Packaging and Assembly
As always, before I can test out the new chair, I do have to get it built. BUT before I can do that we have to get it all out of the box. The OPSEAT wasn’t any different than the other chairs in the fact that its box is huge and your delivery driver isn’t going to like you when it comes in. The box doesn’t have anything crazy for artwork and it is just a brown box with black art on it but they do make sure it stands out with a big black area with OPSEAT and #GAMEOP right on the side.
Inside when you first open it up there is a piece of cardboard across the top to help prevent someone from cutting the chair when opening the box after you ignore the do not cut right on the top. The chair back it up on to then there is foam before you get to the main assembly where they have the armrests and the chair base altogether. Then there is a lot more thick foam protecting everything with plastic on every component.
Next, I got the instructions out, they are a single page with diagrams for each step. I also pulled all of the parts out and took the plastic off to make sure I wasn’t missing anything.
You won’t need the pillows until the end so set them aside.
Along with the big parts, you also need all of the smaller parts including the bolt bag where they include an Allen wrench to help you get everything put together.
I like to get the base done first to get it out of the way. You have to press each of the wheels into the base one at a time. They go in really easy and lock in once you get them all the way in. Then normally you then put the hydraulic cylinder and I did that but I had to go back because I missed the cover for the center of the base. Most other chairs don’t have the cover, so many sure you don’t forget it. It slides right on with fingers that slide down between each leg. Then from there you put the hydraulic cylinder into the base and put the plastic cover on over it.
Next is getting the tilt assembly attached to the chair. This is really the first time you have to attach any bolts. The wrench and bolts are both in the small tool bag. You use the bolt, a locking O-ring, then a regular O-ring on each of the four corners of the assembly. You also need to make sure the big round adjuster is facing the front of the case. I had a little trouble at first getting the bolts in here. The bolt holes are cutout of the material but the material flaps back into the way so you will need to get each started y hand carefully to make sure they are in correctly. Then crank them down.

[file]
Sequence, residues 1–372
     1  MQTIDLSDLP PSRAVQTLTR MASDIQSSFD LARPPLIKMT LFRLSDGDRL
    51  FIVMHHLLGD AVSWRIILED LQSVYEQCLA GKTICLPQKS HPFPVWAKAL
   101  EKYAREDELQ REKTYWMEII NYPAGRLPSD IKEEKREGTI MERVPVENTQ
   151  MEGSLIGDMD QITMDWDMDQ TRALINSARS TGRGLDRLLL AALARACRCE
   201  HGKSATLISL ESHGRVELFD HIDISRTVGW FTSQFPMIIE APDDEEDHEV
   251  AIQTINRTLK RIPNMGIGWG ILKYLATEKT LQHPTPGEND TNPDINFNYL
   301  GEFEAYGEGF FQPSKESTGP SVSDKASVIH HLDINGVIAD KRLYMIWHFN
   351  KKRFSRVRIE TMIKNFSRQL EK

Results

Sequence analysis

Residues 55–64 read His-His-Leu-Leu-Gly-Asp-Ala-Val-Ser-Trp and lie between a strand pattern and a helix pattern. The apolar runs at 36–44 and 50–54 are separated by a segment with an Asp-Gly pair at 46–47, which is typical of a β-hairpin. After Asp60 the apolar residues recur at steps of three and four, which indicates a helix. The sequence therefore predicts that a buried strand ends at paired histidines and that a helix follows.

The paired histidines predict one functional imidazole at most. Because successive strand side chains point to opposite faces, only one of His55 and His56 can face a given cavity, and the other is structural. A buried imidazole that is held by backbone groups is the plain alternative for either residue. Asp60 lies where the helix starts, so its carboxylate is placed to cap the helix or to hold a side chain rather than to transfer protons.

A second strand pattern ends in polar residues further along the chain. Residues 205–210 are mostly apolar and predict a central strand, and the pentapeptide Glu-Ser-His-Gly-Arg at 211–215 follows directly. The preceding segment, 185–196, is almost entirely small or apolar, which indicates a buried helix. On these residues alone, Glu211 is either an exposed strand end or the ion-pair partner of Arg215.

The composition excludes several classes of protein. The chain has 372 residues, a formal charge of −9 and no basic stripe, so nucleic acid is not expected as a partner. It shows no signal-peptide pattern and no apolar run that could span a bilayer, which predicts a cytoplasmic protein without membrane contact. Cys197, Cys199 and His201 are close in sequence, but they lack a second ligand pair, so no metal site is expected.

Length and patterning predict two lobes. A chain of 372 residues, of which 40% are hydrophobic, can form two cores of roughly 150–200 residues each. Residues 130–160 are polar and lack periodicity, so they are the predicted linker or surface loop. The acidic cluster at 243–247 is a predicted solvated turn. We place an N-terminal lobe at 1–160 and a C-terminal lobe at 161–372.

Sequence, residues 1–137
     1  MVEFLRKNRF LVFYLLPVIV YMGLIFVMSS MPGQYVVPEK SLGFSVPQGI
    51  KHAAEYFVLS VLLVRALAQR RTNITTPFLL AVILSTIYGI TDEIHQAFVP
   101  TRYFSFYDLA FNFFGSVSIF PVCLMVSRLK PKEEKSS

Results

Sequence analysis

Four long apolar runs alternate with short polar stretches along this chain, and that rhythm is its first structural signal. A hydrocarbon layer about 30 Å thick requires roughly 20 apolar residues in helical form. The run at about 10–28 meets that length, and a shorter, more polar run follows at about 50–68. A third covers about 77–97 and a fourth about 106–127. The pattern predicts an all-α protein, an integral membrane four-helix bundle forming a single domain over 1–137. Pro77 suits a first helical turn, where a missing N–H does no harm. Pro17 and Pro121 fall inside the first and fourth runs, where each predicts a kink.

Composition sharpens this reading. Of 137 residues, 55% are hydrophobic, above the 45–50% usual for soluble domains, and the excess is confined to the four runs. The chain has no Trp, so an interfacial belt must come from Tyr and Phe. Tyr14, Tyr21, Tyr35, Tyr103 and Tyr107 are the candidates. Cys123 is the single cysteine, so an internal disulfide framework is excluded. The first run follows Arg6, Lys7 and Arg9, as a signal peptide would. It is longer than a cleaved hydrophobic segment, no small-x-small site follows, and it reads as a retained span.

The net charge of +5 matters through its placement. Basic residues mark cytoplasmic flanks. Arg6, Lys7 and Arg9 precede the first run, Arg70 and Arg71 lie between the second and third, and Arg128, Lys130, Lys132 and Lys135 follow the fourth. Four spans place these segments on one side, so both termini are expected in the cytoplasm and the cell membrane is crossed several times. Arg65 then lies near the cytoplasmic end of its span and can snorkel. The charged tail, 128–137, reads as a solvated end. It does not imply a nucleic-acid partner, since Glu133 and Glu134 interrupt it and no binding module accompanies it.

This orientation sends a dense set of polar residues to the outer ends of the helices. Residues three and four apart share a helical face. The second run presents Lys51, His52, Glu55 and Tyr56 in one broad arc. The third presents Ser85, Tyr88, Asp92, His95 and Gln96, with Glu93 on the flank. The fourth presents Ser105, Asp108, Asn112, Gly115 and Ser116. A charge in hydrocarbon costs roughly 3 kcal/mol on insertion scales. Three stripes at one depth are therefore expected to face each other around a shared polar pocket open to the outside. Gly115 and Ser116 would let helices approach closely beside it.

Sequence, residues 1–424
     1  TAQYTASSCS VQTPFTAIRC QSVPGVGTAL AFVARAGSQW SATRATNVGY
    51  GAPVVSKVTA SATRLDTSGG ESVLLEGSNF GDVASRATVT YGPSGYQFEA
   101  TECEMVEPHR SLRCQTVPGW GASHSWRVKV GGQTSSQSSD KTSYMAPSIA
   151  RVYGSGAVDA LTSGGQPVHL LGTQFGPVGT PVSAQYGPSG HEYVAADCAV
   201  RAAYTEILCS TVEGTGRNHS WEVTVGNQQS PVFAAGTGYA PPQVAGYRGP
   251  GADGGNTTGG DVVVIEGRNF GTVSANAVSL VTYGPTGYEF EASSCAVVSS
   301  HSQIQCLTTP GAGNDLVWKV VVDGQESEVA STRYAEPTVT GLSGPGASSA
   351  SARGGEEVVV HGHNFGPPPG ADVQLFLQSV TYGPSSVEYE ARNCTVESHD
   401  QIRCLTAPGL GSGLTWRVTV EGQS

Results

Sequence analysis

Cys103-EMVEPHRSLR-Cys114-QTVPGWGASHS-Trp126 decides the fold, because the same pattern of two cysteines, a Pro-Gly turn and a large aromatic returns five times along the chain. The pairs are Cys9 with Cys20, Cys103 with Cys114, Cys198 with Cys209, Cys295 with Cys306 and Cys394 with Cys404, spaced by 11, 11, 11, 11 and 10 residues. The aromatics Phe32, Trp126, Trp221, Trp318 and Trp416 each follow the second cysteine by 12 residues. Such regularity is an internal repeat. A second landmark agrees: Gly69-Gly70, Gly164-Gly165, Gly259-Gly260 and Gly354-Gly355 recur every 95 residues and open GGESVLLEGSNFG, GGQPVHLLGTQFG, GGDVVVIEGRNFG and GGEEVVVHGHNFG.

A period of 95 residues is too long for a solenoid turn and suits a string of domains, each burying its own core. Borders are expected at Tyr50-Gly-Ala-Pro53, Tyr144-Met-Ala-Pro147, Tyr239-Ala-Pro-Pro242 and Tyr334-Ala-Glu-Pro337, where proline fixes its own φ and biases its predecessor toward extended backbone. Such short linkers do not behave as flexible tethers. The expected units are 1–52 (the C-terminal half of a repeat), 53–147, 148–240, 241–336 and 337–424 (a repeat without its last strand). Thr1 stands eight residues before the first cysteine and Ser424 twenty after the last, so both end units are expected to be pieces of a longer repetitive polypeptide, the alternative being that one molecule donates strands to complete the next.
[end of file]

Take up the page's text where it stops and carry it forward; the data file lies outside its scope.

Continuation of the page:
Next, you need to take the chair base with the installed lean assembly and drop it on top of the base we put together first. This is just press fit so you line the hole in the bottom of the chair with the top of the hydraulic cylinder. Once in place, the pressure of you sitting in the chair locks it into place.
The last part to add is the chair back. This is best with a second set of hands but one person can do it alone as well. You have to line up the two holes on each side with the two brackets sticking out of the bottom. It is best to attach the bolts to the right side of the chair because this is the bracket that holds the chair back up. Like the bottom, you need the bolts, lock washers, and regular washers. The bolts are cool because they support the included Allen wrench with the hex hole in the middle or you can use a socket on the outside. Like the bottom bolts, you do have to get them started first because the fake leather covering the seat gets in the way and likes to keep you from getting the bolt in the hole. Once you have both sides together you then just have to screw the plastic cover on each side and you are done building the chair.